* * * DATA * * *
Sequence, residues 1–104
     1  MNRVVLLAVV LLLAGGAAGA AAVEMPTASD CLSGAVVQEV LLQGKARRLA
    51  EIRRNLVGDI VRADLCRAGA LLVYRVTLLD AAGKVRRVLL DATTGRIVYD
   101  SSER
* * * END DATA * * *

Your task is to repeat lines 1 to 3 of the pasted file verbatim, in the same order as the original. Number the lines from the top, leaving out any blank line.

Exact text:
Sequence, residues 1–104
     1  MNRVVLLAVV LLLAGGAAGA AAVEMPTASD CLSGAVVQEV LLQGKARRLA
    51  EIRRNLVGDI VRADLCRAGA LLVYRVTLLD AAGKVRRVLL DATTGRIVYD